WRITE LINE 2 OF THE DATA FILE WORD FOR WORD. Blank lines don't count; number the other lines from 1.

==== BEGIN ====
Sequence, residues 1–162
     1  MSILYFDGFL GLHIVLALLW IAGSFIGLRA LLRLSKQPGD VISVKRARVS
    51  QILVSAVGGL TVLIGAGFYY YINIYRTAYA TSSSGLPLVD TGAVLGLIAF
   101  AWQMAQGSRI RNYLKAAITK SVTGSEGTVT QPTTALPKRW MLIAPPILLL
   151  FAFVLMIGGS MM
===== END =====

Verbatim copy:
     1  MSILYFDGFL GLHIVLALLW IAGSFIGLRA LLRLSKQPGD VISVKRARVS